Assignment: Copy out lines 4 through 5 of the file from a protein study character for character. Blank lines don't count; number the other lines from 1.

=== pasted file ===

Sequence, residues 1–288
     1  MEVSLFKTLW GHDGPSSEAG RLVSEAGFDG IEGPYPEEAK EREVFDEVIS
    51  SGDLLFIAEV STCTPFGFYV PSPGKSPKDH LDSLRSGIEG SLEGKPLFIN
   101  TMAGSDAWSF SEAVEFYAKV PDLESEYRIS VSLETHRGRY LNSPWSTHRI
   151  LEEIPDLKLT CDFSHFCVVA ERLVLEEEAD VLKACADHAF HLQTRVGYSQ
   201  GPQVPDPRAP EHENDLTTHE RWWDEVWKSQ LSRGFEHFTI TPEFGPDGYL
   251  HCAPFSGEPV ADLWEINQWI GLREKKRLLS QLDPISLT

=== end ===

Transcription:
   101  TMAGSDAWSF SEAVEFYAKV PDLESEYRIS VSLETHRGRY LNSPWSTHRI
   151  LEEIPDLKLT CDFSHFCVVA ERLVLEEEAD VLKACADHAF HLQTRVGYSQ